Equity of Opportunity

Equity of Opportunity

Student in the classroom reading a book

"We are true to our creed when a little girl born into the bleakest poverty knows that she has the same chance to succeed as anybody else."

— President Obama, 2nd inaugural address

America is not yet the country it strives to be—a place where all who are willing to work hard can get ahead, join a thriving middle class, and lead fulfilling lives. Our country derives much of its strength from its core value as a land of opportunity. But, today, economic mobility is actually greater in a number of other countries. Despite this challenge, we know how to work toward the solution: access to a world-class education can help to ensure that all people in this country with dreams and determination can reach their potential and succeed.

Yet, far too many students, especially in underserved groups and communities, lack robust access to the core elements of a quality education. That includes free, quality preschool; high, challenging standards and engaging teaching and leadership in a safe, supportive, and well-resourced school; and an affordable, high-quality college degree.

The challenge

The challenge of ensuring educational equity is formidable. Our country’s international competitors are improving faster than we are educationally, and many are having greater success in closing achievement gaps—which remain stubbornly wide in the United States. Structural barriers, including inequitable funding systems, impede our progress. While one might expect schools in low-income communities to receive extra resources, the reverse is often true; a Department of Education study found that 45 percent of high-poverty schools received state and local funds below what was typical for other schools in their district.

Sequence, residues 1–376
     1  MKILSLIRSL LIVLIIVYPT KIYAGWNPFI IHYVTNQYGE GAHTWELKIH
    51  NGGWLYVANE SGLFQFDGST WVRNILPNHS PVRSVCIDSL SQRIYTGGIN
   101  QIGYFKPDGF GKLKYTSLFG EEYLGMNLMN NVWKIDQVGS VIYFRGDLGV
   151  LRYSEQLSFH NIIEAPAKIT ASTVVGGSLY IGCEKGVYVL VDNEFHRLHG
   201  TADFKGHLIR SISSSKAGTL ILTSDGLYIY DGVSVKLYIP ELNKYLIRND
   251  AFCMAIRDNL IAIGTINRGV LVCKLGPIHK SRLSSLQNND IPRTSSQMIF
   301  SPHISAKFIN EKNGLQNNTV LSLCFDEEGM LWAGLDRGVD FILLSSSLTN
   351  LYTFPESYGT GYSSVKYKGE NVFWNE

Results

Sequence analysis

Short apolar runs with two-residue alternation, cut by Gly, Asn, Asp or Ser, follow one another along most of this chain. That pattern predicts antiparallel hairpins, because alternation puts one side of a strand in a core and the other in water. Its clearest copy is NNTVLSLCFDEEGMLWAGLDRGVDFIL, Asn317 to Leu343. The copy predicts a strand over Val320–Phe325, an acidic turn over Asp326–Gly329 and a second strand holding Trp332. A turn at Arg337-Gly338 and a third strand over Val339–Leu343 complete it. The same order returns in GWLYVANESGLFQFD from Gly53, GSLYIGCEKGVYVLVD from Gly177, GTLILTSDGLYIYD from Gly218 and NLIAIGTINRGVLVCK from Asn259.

We also know that traditionally underserved students, including minorities and low-income students, attend and complete college at far lower rates than their peers. These students are suspended, expelled, and drop out at higher rates, and are less likely to have access to strong teachers and challenging curricula. As just one striking example, a recent study of the Advanced Placement exam in computer science found that in 11 states, no African-American students took the exam; in eight states, no Hispanic students participated.

Recognizing these disparitiesthe Obama Administration is profoundly committed to equity in education. That commitment underlies nearly every significant activity for the U.S. Department of Education. We’re motivated in this work because we recognize the power of education to transform lives.

A focus on educational equity

Over the last six-and-a-half years, the Obama Administration has fought to improve outcomes for underserved students through its major education initiatives by supporting states in their efforts to ensure quality teaching in every classroom; raise standards for all students; build systems to improve instruction; and significantly improve low-performing schools.

These aims also underlie foundational programs, such as those funded through Title I and the Individuals with Disabilities Education Act (IDEA), as well as competitive funds developed by this Administration, including Race to the TopPromise Neighborhoods, and Investing in Innovation.